Movie #85 2022: Event Horizon (1997)

Nine times out of ten, I watch a movie that has for years been labelled a ‘cult movie’, and I love it. Donnie Darko, Heathers, Ghost World, Clue and Empire Records are all movies I’ve seen, enjoyed and sometimes loved, and they all come with that ‘cult status’ label. With Event Horizon, I wasn’t sure I’d feel the same way since it seemed kind of kooky and low budget… and not in a good way.

The film is set in 2047, in which a group of astronauts board a spaceship in order to find the ‘Event Horizon’; a space vessel that disappeared years ago on a mission to Neptune’s outer limits. Whilst hesitant from the off, the crew complete their task in finding the lost ship, and when they manage to board it, they finally realise that their initial hesitancies were justified.

With it being Halloween season, I usually make an effort to watch more horror/thrillers around this time of year. When I went into this one, my thoughts before watching were basically “naaaaah, there’s no way is this a horror movie”… I apologise to everyone involved – this shit is gruesome. 

It’s very surprising to hear that the original cut of Event Horizon was 130 minutes, because one of the best things about it is the cinematic edit doesn’t fuck around at all. The movie opens with some informative title cards, then BOOM, we’re on the way to Neptune. As much as Paul W. S. Anderson might have wanted a longer film, it’s easy to side with Paramount’s insistence on a shorter runtime on this one. (Which is a shame for me as a person, since usually I try to err on the side of filmmakers).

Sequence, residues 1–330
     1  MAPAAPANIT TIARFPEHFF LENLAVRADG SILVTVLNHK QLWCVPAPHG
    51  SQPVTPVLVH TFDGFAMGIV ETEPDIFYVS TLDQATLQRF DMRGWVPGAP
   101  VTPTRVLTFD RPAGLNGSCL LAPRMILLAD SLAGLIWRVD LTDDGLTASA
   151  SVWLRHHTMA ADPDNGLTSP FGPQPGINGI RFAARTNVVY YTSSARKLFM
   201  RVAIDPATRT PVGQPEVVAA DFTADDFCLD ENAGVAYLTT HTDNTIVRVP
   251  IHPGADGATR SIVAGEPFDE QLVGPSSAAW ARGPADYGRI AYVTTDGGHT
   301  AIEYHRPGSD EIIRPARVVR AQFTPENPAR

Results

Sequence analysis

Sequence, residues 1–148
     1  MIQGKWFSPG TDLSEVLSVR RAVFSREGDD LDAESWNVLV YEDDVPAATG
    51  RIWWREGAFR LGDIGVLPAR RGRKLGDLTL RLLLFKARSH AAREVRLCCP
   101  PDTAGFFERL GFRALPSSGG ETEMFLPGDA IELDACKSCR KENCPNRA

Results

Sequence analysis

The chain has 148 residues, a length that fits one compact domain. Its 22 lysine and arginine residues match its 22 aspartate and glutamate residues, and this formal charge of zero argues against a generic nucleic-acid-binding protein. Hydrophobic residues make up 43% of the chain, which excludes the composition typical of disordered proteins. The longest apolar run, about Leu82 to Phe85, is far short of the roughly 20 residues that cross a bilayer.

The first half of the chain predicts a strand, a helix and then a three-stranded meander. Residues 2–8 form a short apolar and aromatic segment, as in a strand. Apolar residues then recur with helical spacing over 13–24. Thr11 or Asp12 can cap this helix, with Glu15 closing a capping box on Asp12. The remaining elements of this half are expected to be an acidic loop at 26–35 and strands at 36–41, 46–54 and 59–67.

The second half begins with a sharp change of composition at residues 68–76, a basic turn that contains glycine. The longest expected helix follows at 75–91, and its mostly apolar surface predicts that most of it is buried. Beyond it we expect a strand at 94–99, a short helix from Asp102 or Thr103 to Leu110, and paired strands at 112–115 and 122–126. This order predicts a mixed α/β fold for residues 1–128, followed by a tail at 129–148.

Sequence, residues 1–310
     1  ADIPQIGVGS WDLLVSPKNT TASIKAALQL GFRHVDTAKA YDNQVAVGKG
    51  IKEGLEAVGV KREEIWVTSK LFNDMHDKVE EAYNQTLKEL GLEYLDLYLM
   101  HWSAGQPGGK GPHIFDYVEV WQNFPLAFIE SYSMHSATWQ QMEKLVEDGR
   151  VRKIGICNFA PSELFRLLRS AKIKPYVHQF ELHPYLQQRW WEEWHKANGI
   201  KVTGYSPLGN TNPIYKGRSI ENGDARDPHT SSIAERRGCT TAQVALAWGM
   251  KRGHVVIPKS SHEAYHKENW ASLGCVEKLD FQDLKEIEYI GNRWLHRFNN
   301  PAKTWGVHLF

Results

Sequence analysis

Many criticisms for Event Horizon come due to its low budget, hokey special effects but to be honest, I never really felt any of that. The sets especially are elaborate enough, and the gravity core looks cool as fuck to put it bluntly. The only time you’ll really notice its minuscule budget is when you see the weird CGI grey slime floating around, which never looks convincing and is never actually properly explained. But the guts and gore side of things? Absolutely skin-crawling and realistic – proof of some real expertise in that regard. 

Another positive that will keep you invested is this movie’s brilliant cast. Sam Neill is typically fine (although it’s fun to watch him play someone entirely unhinged for once) and Jason Isaacs effortlessly makes you love his character, even if he has relatively little to do. The MVP though is undoubtedly Laurence Fishburne, who gives one of his best ever performances if you ask me, making the most of an often cheesy script that is littered with plot holes. 

Do I understand the criticism? Absolutely. But I also understand why this movie is now reaching cult status in a similar vain to David Lynch’s Dune. It’s by no mean perfect, yet it’s consistently gripping and that’s all you can ask for really, isn’t it?

Event Horizon is currently available to stream on Netflix in the UK.

TQR Category Ratings:

Costume & Set Design: 
Overall Enjoyability Rating: ½

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